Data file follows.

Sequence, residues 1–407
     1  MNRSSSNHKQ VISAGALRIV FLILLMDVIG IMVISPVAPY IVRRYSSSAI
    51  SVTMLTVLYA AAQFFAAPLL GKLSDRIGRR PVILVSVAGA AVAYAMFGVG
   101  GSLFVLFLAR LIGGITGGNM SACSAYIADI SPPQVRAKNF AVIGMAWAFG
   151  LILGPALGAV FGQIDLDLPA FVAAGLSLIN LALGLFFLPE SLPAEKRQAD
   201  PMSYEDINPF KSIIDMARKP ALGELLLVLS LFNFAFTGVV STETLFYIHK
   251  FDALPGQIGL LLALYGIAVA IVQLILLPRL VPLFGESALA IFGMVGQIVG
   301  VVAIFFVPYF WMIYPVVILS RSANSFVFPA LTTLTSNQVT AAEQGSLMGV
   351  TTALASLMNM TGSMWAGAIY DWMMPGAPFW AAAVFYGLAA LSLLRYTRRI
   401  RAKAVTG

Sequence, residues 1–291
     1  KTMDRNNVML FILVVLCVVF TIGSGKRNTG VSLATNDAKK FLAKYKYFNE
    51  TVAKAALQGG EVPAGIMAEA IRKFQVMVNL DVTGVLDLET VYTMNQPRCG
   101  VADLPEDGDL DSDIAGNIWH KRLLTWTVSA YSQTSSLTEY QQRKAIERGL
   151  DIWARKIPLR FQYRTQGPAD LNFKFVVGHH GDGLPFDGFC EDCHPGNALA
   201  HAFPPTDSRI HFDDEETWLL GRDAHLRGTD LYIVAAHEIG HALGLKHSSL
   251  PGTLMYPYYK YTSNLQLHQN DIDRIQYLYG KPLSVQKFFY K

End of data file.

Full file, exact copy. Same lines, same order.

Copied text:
Sequence, residues 1–407
     1  MNRSSSNHKQ VISAGALRIV FLILLMDVIG IMVISPVAPY IVRRYSSSAI
    51  SVTMLTVLYA AAQFFAAPLL GKLSDRIGRR PVILVSVAGA AVAYAMFGVG
   101  GSLFVLFLAR LIGGITGGNM SACSAYIADI SPPQVRAKNF AVIGMAWAFG
   151  LILGPALGAV FGQIDLDLPA FVAAGLSLIN LALGLFFLPE SLPAEKRQAD
   201  PMSYEDINPF KSIIDMARKP ALGELLLVLS LFNFAFTGVV STETLFYIHK
   251  FDALPGQIGL LLALYGIAVA IVQLILLPRL VPLFGESALA IFGMVGQIVG
   301  VVAIFFVPYF WMIYPVVILS RSANSFVFPA LTTLTSNQVT AAEQGSLMGV
   351  TTALASLMNM TGSMWAGAIY DWMMPGAPFW AAAVFYGLAA LSLLRYTRRI
   401  RAKAVTG

Sequence, residues 1–291
     1  KTMDRNNVML FILVVLCVVF TIGSGKRNTG VSLATNDAKK FLAKYKYFNE
    51  TVAKAALQGG EVPAGIMAEA IRKFQVMVNL DVTGVLDLET VYTMNQPRCG
   101  VADLPEDGDL DSDIAGNIWH KRLLTWTVSA YSQTSSLTEY QQRKAIERGL
   151  DIWARKIPLR FQYRTQGPAD LNFKFVVGHH GDGLPFDGFC EDCHPGNALA
   201  HAFPPTDSRI HFDDEETWLL GRDAHLRGTD LYIVAAHEIG HALGLKHSSL
   251  PGTLMYPYYK YTSNLQLHQN DIDRIQYLYG KPLSVQKFFY K